What baffles me is the economics of her suggestion, which reduce to “spend more money on coverage I don’t care about at the expense of the struggling pros I support as my own vocation.” If my goal were to support pro running, given the choice, I would trade abysmal meet coverage for crowd-funded athlete support every time, and have held my nose and done so more than once lately. But if I lived in the wealthiest town in my state, maybe I wouldn’t think about this, hard or at all, and this odd detachment from reality—”It’ll cost more money, but things will be better” would pervade my thinking in other areas, too.

  • I will offer a Lindsay Crouse update for as long as she keeps the tweet linking to her false comeback story in The New York Times from early March pinned to her Twitter profile (are you sensing a theme?). It’s still there. But I’m sure she’ll provide a reason for me to offer faithful readers more than that, week in and week out.

    Here’s what this upward-failing, lying, self-absorbed and oblivious warrior on behalf of those without had to say recently about personal finances:

    That Lindsay Crouse has either a job with or a savings account provided by a major, or any, media outlet essentially constitutes larceny. And does she think the runners she sucks up to are monitoring their 401Ks? Let’s find out:

  • Runner’s World editor Sarah Lorge Butler used her platform to perpetrate an episode of real journalism and asked some questions no one else does, mainly because no one wants to answer them. This is understandable; though the answers serve the public interest, at root they’re personal questions: How much money do you a representative professional runner make, and how has the pandemic shifted your negotiating power?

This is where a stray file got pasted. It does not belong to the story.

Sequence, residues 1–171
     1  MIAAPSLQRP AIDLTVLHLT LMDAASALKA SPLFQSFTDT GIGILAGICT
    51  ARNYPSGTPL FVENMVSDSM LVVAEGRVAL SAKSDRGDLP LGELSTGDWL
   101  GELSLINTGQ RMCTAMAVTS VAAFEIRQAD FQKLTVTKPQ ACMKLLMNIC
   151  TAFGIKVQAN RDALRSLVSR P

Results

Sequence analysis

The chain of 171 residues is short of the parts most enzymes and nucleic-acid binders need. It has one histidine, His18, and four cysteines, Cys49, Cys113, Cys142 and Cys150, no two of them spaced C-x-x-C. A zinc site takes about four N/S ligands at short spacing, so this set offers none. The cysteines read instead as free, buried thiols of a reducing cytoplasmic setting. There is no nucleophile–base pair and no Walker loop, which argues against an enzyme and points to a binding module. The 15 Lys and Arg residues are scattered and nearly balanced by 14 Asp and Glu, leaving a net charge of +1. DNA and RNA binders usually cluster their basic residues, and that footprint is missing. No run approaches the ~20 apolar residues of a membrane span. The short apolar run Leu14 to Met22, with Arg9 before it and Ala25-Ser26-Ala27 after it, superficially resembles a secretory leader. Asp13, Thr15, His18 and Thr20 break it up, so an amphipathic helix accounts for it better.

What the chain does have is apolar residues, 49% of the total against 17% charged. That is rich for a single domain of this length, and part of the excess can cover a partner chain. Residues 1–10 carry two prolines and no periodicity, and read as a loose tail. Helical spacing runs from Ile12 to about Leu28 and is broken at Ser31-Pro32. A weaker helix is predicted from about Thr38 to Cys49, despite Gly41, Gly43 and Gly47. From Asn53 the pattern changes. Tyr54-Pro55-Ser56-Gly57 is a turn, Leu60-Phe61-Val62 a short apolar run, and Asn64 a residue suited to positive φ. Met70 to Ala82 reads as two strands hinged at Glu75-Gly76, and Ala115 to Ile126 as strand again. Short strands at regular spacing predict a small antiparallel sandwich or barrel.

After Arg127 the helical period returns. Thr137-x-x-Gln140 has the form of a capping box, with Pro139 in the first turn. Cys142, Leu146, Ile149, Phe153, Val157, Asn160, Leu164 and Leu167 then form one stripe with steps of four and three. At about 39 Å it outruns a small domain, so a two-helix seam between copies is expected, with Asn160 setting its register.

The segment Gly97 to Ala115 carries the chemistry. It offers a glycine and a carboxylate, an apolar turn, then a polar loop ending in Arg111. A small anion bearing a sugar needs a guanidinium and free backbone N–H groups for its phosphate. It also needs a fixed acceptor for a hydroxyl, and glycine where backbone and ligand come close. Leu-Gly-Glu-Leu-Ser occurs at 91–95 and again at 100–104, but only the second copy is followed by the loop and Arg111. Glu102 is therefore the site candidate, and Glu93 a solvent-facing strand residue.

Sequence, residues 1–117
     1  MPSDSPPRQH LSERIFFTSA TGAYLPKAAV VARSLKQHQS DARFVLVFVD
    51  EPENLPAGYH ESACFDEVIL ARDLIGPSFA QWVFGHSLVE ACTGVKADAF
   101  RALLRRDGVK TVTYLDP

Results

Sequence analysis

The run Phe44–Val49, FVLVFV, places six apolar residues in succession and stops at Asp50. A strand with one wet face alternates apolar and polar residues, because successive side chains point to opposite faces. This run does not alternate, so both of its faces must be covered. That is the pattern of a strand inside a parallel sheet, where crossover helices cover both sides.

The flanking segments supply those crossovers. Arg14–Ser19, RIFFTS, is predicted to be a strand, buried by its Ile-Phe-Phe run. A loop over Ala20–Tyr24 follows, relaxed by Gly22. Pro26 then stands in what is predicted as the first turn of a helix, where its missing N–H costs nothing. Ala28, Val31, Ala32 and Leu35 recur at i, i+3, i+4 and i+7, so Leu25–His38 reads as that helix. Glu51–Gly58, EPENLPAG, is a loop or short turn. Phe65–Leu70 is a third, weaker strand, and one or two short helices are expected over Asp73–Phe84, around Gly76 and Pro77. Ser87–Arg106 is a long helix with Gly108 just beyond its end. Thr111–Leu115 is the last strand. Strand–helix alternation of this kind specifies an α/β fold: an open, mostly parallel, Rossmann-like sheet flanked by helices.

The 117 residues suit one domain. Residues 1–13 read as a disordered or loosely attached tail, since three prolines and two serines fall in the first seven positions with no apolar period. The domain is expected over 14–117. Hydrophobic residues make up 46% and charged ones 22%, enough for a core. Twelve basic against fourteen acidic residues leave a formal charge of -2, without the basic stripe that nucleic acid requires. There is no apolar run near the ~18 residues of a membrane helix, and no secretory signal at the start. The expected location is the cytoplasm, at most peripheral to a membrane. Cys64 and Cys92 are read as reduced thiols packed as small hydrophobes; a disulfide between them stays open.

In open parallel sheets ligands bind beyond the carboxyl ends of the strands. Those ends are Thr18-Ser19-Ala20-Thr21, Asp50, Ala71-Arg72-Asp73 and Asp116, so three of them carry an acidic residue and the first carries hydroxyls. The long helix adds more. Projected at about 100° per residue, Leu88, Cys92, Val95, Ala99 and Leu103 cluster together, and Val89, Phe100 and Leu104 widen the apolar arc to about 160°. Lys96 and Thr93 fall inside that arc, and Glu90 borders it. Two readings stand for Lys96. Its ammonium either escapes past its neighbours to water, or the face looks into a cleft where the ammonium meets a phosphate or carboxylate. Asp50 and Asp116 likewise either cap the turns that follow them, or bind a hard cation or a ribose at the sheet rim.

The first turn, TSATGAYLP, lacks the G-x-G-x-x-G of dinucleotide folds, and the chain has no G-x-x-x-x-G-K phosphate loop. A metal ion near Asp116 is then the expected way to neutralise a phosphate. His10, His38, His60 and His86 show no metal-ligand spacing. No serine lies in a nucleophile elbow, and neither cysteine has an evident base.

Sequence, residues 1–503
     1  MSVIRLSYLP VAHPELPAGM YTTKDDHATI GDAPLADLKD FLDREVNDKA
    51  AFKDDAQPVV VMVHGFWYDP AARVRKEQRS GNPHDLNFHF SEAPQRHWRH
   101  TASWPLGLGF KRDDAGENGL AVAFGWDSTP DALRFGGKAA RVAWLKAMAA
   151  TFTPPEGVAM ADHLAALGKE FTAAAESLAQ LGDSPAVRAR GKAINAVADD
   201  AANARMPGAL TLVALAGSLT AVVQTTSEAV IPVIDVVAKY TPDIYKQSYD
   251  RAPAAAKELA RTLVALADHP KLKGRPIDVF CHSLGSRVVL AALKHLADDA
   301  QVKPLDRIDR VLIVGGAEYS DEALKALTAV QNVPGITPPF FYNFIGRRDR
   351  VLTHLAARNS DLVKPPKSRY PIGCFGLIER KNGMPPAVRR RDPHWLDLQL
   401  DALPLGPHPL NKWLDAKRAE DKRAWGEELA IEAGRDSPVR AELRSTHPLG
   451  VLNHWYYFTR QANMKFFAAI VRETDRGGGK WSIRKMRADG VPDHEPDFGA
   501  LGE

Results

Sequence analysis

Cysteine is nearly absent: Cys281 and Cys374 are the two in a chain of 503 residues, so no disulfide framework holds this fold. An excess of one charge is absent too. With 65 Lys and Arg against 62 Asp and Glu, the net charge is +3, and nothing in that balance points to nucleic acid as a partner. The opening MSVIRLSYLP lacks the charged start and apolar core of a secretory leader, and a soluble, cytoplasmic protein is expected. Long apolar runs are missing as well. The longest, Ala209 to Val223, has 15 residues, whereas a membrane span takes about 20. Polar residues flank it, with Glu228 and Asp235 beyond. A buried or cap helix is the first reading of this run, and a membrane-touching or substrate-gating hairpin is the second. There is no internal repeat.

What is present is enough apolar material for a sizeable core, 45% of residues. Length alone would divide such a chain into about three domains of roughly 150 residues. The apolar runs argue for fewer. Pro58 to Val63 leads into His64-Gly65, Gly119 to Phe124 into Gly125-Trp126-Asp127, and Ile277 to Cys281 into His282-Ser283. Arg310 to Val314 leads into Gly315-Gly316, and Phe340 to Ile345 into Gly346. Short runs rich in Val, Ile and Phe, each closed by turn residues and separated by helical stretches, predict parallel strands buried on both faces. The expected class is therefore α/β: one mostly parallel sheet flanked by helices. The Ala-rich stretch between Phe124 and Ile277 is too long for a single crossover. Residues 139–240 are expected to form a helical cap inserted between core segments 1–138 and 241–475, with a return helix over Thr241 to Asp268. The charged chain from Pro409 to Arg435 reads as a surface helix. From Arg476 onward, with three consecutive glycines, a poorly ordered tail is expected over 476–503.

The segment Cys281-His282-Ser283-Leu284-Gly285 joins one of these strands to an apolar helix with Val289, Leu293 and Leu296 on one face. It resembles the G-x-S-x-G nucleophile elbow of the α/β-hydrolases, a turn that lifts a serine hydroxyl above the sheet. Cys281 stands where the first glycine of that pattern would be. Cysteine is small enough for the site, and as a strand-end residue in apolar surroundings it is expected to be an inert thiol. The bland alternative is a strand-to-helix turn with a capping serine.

Other than saying that Nike’s long-term de facto ownership of American running (via its control of USATF) cannot make other shoe companies enthusiastic, and saying that a number of Boulder health providers routinely and generously offer discounted or even free services to numerous area runners to help offset the problems non-insured runners confront, I will reserve comment on the topic and instead ask a seemingly obvious question of my own:

    How can a magazine that chooses to expend one of its six annual covers on Latoya Shauntay Snell then publish a story by its editor-in-chief about the lack of support for struggling professional runners logging two-hour training days without acknowledging that its wires are badly crossed?

    For God’s sake, just ten years ago Runner’s World would have been shredded first for putting someone like Snell on its cover and then for having the nerve to describe, sans irony, how awful those with both talent and an earnest work ethic have it. Today, you’re the missing link for even hinting at the five-foot-high mound of “invisible” Wokester dung in the middle of the windowless cultural room.

    Is this all a joke?

My next post makes an effort to thread these jewels together in a way that has decent explanatory power. As always, if that effort falls short or fails altogether, I truly hope someone steps up and improves on it.